Yes, inflammatory bowel disease (IBD) does appear to run in families and about 15-30 percent of people with IBD have a family member with the condition.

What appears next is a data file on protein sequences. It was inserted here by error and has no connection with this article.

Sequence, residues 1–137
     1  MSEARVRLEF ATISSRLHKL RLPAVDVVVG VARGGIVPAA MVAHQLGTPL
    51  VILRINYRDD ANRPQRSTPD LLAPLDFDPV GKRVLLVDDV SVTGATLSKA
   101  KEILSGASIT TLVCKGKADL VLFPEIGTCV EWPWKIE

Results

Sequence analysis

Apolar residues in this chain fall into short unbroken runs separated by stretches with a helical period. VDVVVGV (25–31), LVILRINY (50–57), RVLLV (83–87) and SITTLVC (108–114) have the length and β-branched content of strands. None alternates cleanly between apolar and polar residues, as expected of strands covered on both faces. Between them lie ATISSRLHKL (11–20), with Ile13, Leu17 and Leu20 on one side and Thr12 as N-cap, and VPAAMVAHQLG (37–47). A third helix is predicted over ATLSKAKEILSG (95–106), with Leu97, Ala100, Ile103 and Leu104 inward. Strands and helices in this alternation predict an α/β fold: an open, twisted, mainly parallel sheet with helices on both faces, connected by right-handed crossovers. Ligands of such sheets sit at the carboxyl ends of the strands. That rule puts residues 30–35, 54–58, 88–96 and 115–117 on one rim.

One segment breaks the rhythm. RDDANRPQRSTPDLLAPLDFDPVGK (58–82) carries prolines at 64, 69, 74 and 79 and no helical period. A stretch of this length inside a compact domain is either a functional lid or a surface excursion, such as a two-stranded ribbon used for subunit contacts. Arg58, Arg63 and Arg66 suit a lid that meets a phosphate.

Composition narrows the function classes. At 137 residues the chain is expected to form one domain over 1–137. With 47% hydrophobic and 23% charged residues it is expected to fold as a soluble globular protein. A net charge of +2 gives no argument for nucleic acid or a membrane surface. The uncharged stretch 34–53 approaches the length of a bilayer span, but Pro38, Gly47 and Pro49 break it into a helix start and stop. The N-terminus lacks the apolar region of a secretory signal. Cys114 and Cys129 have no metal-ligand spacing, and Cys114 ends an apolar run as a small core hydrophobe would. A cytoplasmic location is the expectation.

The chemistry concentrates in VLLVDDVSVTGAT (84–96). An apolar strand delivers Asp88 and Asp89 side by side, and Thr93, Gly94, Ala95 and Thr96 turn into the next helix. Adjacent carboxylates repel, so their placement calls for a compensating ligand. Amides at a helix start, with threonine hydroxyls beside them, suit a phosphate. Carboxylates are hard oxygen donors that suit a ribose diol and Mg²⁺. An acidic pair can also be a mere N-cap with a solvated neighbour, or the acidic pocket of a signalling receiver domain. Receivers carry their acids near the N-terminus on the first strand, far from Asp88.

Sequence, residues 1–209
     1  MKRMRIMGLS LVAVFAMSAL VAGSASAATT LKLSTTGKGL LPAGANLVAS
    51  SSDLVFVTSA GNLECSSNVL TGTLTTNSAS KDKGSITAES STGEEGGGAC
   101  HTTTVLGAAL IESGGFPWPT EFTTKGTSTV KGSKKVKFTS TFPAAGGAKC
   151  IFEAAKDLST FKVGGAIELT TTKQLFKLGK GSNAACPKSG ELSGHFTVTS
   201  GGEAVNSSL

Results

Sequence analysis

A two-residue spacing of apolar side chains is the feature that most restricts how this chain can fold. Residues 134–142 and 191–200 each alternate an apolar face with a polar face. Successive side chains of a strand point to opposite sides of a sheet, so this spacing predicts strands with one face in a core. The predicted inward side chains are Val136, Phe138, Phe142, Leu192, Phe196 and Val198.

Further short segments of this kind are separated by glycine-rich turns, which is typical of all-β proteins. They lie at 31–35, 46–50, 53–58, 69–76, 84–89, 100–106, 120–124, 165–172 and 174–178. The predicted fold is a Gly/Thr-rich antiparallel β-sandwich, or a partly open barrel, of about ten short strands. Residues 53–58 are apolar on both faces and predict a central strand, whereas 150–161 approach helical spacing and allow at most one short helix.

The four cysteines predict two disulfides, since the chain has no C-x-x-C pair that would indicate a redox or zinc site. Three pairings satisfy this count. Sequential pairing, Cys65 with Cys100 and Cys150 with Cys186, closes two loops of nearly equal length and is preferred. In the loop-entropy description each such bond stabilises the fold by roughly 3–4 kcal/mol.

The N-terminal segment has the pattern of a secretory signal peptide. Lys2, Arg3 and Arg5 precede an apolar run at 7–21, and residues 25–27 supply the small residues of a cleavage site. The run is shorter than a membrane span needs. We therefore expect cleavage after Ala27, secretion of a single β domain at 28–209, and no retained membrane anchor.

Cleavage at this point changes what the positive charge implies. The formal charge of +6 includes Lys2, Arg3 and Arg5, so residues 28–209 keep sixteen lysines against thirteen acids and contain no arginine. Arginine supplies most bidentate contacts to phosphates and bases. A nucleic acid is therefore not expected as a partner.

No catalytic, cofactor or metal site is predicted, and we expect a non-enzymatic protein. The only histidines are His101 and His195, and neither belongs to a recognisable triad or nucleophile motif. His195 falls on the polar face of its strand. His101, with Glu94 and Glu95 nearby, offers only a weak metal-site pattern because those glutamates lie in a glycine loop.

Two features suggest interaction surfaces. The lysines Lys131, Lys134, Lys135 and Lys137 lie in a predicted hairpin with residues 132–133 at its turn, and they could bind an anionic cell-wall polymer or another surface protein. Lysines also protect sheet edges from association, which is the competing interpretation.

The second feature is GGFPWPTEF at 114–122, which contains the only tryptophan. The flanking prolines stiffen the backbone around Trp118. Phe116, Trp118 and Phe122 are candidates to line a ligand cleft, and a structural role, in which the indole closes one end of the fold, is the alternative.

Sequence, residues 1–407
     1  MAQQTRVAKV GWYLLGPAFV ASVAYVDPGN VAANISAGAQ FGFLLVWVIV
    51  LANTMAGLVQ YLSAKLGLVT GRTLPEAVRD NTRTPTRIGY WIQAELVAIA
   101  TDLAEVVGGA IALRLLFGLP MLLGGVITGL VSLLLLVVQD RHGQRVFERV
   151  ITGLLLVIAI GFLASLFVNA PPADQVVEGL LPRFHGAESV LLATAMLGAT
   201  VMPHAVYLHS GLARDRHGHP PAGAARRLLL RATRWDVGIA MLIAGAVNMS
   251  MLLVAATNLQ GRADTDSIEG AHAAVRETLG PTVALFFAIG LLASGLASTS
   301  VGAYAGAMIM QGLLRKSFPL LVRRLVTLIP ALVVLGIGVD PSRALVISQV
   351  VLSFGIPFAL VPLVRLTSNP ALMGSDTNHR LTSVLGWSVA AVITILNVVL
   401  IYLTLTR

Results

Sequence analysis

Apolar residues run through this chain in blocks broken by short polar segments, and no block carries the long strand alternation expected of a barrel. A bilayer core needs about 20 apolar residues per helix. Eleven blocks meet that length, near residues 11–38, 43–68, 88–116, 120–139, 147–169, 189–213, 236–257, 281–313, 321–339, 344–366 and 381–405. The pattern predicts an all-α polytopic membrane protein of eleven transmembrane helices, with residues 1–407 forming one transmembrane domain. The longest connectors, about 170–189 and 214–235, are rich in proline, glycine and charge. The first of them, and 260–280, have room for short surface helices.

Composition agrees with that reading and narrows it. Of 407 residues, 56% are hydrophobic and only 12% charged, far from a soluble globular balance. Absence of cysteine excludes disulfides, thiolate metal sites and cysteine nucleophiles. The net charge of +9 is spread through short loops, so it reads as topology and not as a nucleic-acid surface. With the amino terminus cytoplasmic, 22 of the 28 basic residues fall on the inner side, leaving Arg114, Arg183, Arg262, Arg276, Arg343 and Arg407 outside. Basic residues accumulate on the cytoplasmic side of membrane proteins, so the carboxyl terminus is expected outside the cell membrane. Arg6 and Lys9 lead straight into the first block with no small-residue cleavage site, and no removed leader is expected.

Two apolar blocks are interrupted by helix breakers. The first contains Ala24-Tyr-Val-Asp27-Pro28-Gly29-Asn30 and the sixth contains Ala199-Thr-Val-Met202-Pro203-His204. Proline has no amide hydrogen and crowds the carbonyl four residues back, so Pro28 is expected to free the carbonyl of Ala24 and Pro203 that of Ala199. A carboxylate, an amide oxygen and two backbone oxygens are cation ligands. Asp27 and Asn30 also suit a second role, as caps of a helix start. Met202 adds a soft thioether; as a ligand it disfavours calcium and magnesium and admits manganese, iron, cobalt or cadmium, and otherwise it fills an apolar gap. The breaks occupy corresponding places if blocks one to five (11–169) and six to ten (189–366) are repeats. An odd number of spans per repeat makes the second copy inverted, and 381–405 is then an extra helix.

Also, people of Jewish heritage, particularly the Ashkenazi Jewish population, have an increased risk of developing Crohn's disease. Researchers have identified close to 32 genes that may play a part in Crohn's disease. Researchers at the Jill Roberts Center are currently collaborating with Weill Cornell Medical College researchers and exploring the function of one of these genes – the NOD-2 gene – and Crohn's disease. Specifically, researchers are investigating to see if the NOD-2 gene is linked to low levels of interleukin 10 (IL-10), which is an anti-inflammatory protein in the body. This deficiency in IL-10 may drive the persistent inflammation that occurs in the intestines of people with Crohn's disease.